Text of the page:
Welcome back to the Demo Corner. This month we’re trying something a little different and bringing you two reviews! Alex will offer his take on this month’s game followed by my own, kind of a Siskel and Ebert thing. Without further ado, our reviews of Mansions of Madness!
My first introduction to the Chthulhu mythos was the game Arkham Horror. Sure. I’d heard of H.P. Lovecraft mostly through the movies and TV shows his works were loosely based upon (Some more loosely than others). Arkham Horror has become the pinnacle of Chthulhu based board games and should be a staple to any game store. In time, Mansions of Madness will be viewed in the same light.
Like all Fantasy Flight Games, before I break into their products, I’ve learned taking a deep breath of patience is a sound idea that may keep me and my players from going absolutely bonkers. No one in the entire gaming industry writes worse instructions to a game than FFG. No one. Absolutely no one. Yes, there are exceptions. I cite our previous review of Dust: Tactics which had surprisingly well-written and laid out instructions. But then again, Dust: Tactics was not developed in the house of FFG. It was originally, as I understand it, an AEG property. However, with that said Mansions of Madness is not the exception but rather fits the FFG rule.
As expected, the first time you set up a game it is usually the slowest. The first time I set out to play this game was with a group of gaming friends on a Saturday. I hadn’t read the instructions beforehand. Shame on me. So we knew this would be a slow process. We started out at around 7:30pm and didn’t get start playing until nearly 11 o’ clock! Why so long you ask? Well, Players set up is pretty easy. Grab a character card that consists of the character’s portrait, stats, and the items and skill cards chosen by the player along with skill tokens; little cardboard magnifying glasses that when used allow a player to boost a character’s ability. Getting the mansion set up is scenario based. Each scenario played re-arranges what the mansion looks like—which is pretty intuitive in the process and gives the player a good replaying experience.
The Keeper(the player who runs the bad guys against the investigators) has a more daunting task ahead of himself. Answer questions as to the story elements. Who did what? Where did it happen? Each question asked and answered requires specific item cards and a multitude of scenario cards to be sorted out from a plethora of 350 cards! This alone can be discouraging from a first-time player. And nothing is more discouraging than to go through all of the set-up; select the scenario, make the mansion, answer the questions to resolve the scenario, find the cards corresponding to the scenario, all to find out there’s a card missing! Which is exactly what happened in my first go-round? So, now we have to decide what scenario we’re going to play that doesn’t require that one card and then go through that process again.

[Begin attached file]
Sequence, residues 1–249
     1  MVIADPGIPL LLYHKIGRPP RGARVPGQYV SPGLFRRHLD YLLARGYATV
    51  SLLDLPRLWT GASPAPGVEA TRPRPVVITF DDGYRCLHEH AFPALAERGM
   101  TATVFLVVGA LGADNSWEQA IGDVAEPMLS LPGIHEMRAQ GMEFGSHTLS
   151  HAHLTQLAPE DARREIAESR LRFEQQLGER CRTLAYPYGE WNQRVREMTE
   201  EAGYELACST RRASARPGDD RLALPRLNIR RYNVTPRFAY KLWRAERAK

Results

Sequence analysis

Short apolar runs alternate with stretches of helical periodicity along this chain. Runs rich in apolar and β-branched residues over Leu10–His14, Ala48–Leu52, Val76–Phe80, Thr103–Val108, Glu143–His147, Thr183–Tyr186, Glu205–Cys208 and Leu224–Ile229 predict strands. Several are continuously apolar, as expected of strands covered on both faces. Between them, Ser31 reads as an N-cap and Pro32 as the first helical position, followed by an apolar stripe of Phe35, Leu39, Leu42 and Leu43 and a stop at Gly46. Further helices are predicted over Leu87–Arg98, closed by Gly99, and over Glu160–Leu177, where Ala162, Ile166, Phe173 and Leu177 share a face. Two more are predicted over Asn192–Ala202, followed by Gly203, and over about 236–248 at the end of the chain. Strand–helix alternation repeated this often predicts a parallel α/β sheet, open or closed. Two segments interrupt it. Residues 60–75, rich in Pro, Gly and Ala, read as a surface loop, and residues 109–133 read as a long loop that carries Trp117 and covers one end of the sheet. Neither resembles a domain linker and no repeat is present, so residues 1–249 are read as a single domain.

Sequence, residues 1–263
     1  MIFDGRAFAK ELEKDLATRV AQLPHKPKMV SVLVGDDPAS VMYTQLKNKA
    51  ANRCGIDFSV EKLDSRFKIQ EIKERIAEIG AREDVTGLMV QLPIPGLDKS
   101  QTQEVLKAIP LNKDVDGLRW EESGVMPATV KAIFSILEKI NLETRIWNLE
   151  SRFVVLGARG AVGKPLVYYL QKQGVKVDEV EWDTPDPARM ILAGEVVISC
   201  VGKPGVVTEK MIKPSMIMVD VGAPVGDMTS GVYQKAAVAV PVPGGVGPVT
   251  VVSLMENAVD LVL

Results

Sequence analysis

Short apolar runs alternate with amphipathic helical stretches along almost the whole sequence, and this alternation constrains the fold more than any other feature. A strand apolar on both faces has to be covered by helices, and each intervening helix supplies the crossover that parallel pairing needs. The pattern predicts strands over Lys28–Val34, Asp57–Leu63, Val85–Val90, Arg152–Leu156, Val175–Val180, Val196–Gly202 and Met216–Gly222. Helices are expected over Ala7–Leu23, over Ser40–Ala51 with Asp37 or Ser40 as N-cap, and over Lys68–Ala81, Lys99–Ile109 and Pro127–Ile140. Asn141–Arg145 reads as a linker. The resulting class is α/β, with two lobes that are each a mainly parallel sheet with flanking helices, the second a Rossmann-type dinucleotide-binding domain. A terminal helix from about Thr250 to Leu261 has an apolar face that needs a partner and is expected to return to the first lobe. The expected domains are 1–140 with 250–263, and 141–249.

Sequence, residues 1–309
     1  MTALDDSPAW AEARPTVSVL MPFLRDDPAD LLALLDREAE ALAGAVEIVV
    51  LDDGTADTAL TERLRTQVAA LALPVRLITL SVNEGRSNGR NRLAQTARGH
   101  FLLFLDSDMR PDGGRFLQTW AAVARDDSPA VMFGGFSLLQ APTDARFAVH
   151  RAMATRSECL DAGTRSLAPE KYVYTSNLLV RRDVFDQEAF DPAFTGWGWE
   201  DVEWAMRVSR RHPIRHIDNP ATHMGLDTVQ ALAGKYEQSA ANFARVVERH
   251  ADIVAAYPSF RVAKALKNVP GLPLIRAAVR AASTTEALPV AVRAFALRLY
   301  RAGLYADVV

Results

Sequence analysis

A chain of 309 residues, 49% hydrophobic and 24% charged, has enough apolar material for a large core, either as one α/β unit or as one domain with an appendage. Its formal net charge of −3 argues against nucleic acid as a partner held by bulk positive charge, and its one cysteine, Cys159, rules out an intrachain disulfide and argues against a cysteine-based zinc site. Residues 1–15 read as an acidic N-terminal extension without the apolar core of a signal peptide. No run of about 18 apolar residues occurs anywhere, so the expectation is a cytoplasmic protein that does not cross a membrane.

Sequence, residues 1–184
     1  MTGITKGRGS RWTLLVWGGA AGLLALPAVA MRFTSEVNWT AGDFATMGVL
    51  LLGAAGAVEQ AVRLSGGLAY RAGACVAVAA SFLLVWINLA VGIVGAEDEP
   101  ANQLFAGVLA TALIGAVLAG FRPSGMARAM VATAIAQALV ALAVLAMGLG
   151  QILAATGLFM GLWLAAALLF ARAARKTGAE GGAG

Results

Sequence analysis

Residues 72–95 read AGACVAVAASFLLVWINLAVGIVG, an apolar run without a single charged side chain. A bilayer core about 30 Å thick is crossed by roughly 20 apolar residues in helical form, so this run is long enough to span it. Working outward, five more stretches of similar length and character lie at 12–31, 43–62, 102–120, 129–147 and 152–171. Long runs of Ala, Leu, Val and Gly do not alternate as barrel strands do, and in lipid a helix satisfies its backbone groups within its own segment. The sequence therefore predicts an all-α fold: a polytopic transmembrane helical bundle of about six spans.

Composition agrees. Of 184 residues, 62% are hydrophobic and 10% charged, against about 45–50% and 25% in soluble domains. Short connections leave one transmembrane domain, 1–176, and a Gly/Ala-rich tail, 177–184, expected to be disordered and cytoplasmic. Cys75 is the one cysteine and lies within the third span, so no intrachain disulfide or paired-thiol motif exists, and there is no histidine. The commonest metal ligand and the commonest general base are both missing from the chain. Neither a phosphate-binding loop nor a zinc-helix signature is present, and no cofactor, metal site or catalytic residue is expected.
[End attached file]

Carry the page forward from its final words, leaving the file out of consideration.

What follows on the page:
Keep in mind; anytime I get into a new game, I always try to view it through the prism of a new player. How are the instructions laid out? Do they make sense? Are the parts and components understandable to a virgin of gaming? Could someone who’s never played a contemporary strategy board game get into this? If not, why? Is this a fair way to analyze a game? I don’t know. But, it’s the only way I know how to approach a game for the first time.
When breaking into this game, I’m awed, to barrow a term from a friend, by the goober of this game. For a list of all the components go here. The playing pieces are amazing. Being a hobby painter, I’m impressed by the level of detail of the investigator figures or the monsters like mammoth Cthonians, axe wielding maniacs and heart stopping Shaggoths. While these aren’t to the level of detail that one gets from a Games-Workshop or Privateer Press figure – both the pinnacle producers of hobby miniatures, painted or not, you will be happy to see these figs sitting on your table.
The puzzles! Oh my! The puzzles are a fantastically novel mechanic. At first, I have to admit, I was little intimidated by the thought of having to figure out a wiring puzzle by making sure all the red wires make a contiguous link. Or, before I could open a treasure chest I had to arrange a set of six runed tiles to make up a larger picture within one turn. This was just simply the most fun I’ve had in a game for very long time. The mechanic behind the puzzles is a player can only make so many moves on a puzzle based upon the character’s intellect skill. If your character only has a 4 intellect, then he or she may make 4 moves to solve the puzzle. The more complicated the puzzle, the more turns it takes to solve a puzzle and thus slows down the progress a character can make in the game. You, the player may look at the puzzle and solve it 7 moves, but sorry, your character is moron and can only work on it 4 moves at a time. There are in-game ways to adjust this number such as burning your skill tokens but, essentially this is the mechanic. This is the crown jewel of the game.
Aside from the as-expected failings of the setup, once you get rolling this game almost plays itself. Mechanics are fluid. The events feel natural. And have I mentioned the puzzles? The puzzles add so much to the replayabilty of the game. The price can be considered a little steep. But all-in-all this is a solid game and should be expected to be found on all game store shelves for the foreseeable future.
Score: 3.5 out of 5